Irish Ferries has suffered a setback in its legal challenge to avoid paying compensation to thousands of passengers whose trips were cancelled on sailings between Ireland and France in the summer of 2018.
The ferry company contends that a decision by the National Transport Authority requiring it to pay compensation to many of the 20,000-plus passengers who had to change their travel plans is invalid, irrational, disproportionate and in breach of its rights under the Constitution and EU law.
However, a legal opinion issued by the Court of Justice of the EU on Thursday ruled that the EU regulations providing that compensation is payable to sea passengers affected by cancelled sailings applied to the Irish Ferries case.
It also found that Irish Ferries should pay any additional costs incurred by passengers who availed of re-routing options.
Although the legal opinion is not binding on the CJEU, its recommendation is followed in the vast majority of cases.
Irish Ferries was forced to cancel its 2018 summer sailings on the Dublin-Cherbourg route due to the delay in the delivery of a new €144m vessel, the W B Yeats, from a Germany shipyard.
The case was referred to the CJEU by the High Court in Dublin to determine if the NTA had correctly applied EU regulations governing the rights of sea passengers.
Irish Ferries cancelled all sailings between Dublin and Cherbourg in two tranches after delivery of the W B Yeats, which was scheduled for May/June 2018, ultimately did not take place until December 12, 2018 – 200 days behind its original due date.
The company was unable to charter a replacement vessel and had to offer and arrange alternative sailings on its other ship, the Oscar Wilde, between Ireland and France or re-routing via Britain.
In January 2019, the NTA declared that Irish Ferries had failed to comply with its obligations to reimburse any additional costs incurred by re-routed passengers.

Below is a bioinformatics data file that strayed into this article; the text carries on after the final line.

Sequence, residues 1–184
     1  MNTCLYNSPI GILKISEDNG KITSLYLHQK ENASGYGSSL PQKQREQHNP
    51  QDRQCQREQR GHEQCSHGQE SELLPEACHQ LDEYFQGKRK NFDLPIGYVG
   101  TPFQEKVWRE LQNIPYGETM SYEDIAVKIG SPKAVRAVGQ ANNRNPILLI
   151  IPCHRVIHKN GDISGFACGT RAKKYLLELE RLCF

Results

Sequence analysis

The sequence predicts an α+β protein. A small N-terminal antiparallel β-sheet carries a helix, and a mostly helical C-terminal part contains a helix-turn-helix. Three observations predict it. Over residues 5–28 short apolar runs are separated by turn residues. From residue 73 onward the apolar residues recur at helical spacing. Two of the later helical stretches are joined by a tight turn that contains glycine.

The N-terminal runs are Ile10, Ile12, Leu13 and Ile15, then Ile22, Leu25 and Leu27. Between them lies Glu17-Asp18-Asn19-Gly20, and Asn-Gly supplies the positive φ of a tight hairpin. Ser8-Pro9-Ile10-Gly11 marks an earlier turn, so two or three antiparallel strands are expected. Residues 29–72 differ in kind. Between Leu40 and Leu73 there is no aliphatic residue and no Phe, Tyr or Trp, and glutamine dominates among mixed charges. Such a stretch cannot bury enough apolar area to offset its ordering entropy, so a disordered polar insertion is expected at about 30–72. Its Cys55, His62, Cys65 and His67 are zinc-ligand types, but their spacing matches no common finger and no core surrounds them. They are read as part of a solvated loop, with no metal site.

It directed the company to pay compensation to passengers impacted by the cancellations who had to travel from either Rosslare or Roscoff instead of Dublin or Cherbourg and faced delays to their original travel plans as a result of the re-routing.
The NTA also required Irish Ferries to pay compensation to impacted passengers who had requested compensation.
Figures show 82% of passengers took up the option of alternative sailings between Ireland and France with 3% using the landbridge option via Britain, while 15% opted for a full reimbursement.
All passengers were also offered a €150 voucher for sailings with Irish Ferries in 2019.
Irish Ferries disputes the EU regulation on the rights of sea passengers to compensation applies where cancellations are announced some weeks before the scheduled sailings.
It claims the legislation only applies to passengers affected by imminent sailings who are at or en route to a port.
The CJEU’s legal opinion disagreed with the company’s claims that the delayed delivery of the W B Yeats constituted “extraordinary circumstances” under EU legislation which would exempt it from an obligation to pay compensation to passengers.
Irish Ferries has argued that not all passengers incurred additional costs in having to travel via Rosslare or Roscoff as they would have been closer to those ports than either Dublin or Cherbourg.
In High Court documents referring the case to the Luxembourg court and seeking answers to ten questions, Mr Justice Robert Haughton observed that there was a lack of definition of key words and phrases in the EU legislation.